Financial Planning Focus – Preparing for Diminished Financial Capacity

March 28, 2017
By Andrea Brashears-Lusk, CFP®

As defined by the Consumer Financial Protection Bureau, “diminished financial capacity” is a legal term used to describe the decline in a person’s ability to manage money and financial assets to serve their best interests, including the inability to understand the consequences of investment decisions. Financial capacity is one of the first abilities to decline with cognitive impairment. It incorporates core skills such as conducting cash transactions, understanding debt and loans, paying bills and maintaining sound judgement to avoid financial exploitation. Although diminished financial capacity can occur at any age, it happens more frequently with seniors. Since cognitive impairment can happen without warning, it is beneficial to organize your financial affairs sooner rather than later.

There are several planning techniques you can implement to prepare for diminished financial capacity.

Get Organized
We recommend that important documents be stored in a safe place and be readily accessible in case of an emergency. Documents should include: bank and brokerage statements; mortgage and credit information; insurance policies; Social Security payment information; contact information for medical professionals; and retirement benefit summaries. Also keep a log of your current debts, account numbers and passwords in a safe place. Do not keep outdated documents with sensitive information lying around and shred this material before throwing them away. Share emergency contact information with appropriate parties, such as financial professionals, and update when necessary.

Find Someone You Can Trust
You may want to consider creating a durable power of attorney. It goes into effect immediately, authorizing the person you choose to act on your behalf. A durable power of attorney remains in effect until death, regardless of capacity. As a result, your agent can act in the event of temporary or permanent incapacitation. An alternative is a springing power of attorney which becomes effective upon incapacitation. As with any power of attorney, you retain the ability to change or cancel it as long as your decision making is not impaired.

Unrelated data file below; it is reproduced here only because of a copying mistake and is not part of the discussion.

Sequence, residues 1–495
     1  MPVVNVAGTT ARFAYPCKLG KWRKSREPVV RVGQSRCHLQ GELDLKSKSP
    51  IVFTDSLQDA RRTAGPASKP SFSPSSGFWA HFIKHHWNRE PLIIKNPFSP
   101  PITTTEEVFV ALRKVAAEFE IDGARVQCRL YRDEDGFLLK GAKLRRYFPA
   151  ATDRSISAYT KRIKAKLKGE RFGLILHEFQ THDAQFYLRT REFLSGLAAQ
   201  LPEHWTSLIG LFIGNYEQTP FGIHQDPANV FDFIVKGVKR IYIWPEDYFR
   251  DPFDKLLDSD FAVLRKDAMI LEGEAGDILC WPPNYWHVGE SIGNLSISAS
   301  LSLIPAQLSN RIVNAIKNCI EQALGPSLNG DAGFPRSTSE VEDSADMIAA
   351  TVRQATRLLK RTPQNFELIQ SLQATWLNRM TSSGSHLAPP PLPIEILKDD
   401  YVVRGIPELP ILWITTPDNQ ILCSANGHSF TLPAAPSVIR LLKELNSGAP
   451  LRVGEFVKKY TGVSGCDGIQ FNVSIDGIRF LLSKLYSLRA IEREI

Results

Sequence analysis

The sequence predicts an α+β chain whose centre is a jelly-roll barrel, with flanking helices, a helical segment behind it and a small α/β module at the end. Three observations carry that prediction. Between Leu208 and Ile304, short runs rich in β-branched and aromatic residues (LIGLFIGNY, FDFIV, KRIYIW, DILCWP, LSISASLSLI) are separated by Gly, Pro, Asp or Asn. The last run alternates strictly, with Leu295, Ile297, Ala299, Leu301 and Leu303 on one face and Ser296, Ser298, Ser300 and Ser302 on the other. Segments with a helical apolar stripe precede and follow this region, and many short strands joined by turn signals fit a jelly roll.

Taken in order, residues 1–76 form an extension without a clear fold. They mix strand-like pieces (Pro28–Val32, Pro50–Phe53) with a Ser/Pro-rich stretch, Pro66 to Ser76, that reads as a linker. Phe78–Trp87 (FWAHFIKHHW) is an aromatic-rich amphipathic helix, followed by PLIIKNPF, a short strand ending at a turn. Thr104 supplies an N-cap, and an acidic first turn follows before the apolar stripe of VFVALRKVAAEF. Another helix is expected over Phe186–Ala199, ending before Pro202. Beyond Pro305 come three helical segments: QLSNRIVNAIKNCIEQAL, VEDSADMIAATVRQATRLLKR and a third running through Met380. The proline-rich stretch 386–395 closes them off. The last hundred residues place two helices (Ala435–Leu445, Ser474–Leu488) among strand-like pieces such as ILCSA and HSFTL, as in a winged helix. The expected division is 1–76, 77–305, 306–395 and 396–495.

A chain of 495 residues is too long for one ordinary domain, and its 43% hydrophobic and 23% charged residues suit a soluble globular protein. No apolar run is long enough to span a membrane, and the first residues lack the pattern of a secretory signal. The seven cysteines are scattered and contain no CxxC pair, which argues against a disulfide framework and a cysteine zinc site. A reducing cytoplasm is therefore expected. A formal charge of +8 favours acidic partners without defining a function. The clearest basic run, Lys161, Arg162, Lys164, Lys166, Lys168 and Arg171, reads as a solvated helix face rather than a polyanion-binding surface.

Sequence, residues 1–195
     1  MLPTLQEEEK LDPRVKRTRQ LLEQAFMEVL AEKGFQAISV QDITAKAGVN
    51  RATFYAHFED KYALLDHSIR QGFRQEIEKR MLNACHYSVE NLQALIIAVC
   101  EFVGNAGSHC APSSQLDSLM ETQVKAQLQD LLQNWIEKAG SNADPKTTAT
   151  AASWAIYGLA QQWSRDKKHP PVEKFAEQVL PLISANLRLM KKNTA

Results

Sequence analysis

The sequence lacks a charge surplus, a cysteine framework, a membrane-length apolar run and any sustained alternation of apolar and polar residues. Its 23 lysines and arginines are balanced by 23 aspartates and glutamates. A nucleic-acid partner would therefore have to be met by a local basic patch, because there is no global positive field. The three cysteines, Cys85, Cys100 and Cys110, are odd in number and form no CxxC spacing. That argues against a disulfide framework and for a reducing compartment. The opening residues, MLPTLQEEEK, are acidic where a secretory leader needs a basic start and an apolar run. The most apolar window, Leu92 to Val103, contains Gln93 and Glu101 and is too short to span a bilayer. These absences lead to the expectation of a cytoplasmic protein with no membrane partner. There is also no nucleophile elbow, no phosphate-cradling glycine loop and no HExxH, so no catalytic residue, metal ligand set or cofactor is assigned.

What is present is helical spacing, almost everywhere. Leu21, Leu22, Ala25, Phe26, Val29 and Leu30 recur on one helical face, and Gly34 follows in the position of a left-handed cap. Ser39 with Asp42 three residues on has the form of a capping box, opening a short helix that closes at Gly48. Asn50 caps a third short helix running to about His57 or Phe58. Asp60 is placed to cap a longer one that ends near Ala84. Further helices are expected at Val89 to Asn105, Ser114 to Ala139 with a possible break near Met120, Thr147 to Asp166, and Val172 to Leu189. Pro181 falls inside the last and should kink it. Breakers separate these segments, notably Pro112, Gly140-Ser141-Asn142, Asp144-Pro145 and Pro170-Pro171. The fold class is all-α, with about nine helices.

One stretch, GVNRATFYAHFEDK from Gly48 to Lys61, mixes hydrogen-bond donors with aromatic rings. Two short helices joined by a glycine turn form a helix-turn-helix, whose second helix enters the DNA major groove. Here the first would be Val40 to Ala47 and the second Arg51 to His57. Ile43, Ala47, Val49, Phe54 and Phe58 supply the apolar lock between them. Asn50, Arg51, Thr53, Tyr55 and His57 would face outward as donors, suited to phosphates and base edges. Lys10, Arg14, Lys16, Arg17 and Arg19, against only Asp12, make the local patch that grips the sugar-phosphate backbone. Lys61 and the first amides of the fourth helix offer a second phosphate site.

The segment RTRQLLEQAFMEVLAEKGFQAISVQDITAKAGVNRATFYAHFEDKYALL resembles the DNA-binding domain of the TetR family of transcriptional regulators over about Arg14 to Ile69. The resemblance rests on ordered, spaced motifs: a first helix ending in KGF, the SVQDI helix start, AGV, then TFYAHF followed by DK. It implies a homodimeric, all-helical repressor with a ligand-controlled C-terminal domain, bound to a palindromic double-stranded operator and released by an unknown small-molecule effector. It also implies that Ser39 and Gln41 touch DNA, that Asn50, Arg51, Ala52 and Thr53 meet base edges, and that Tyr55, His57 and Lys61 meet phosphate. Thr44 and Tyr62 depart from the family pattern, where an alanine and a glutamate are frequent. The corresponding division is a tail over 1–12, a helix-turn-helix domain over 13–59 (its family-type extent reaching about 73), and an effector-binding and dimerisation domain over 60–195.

You should prepare an advanced healthcare directive along with other estate planning documents. This document will specify what actions should be taken for your health in the event that you are unable to make that decision for yourself. As with a power of attorney, you will appoint an agent to act on your behalf. Your agent should be someone you trust to handle your affairs. Many people chose a relative, friend, or professional as an agent. The selection process for finding someone to act on your behalf should be handled prudently. Unfortunately in some cases, those whom you think you can trust do not always have your best interest at heart.

Update Your Documents
It is essential to periodically review beneficiary designations of life insurance policies, retirement accounts, and transfer on death accounts. Any time a major life event takes place such as marriage, divorce, child birth or death of a beneficiary, it is important to review these designations to avoid inadvertently leaving assets to an unintended recipient. For example, if you are divorced, and your divorce agreement does not include naming your ex-spouse as a beneficiary of a life insurance policy, you will want to update your beneficiary designation to coordinate with the agreement. Similarly, plan on updating wills and trusts to reflect your current wishes and estate planning needs. Review insurance policies to determine if coverage is adequate. Keep your advanced healthcare directive updated with respect to your views and beliefs.

You should plan on updating all documents as necessary, while cognition remains. It is important to be clear with your family and person(s) designated as power of attorney, what your most recent wishes are with regard to disposition of your estate. Your agent may be able to make changes to documents on your behalf, although this may be dependent upon the date and provisions of your power of attorney.

Plan Ahead
There are so many unknowns in life. What type of health issues will I develop with age? How long will I live? While we may not have all of the answers, we can plan ahead and be prepared for what is inevitable. Address your planning issues now so you can minimize the impact of diminished financial capacity.

Please contact us if you have any financial planning issues, needs or concerns that you would like to address.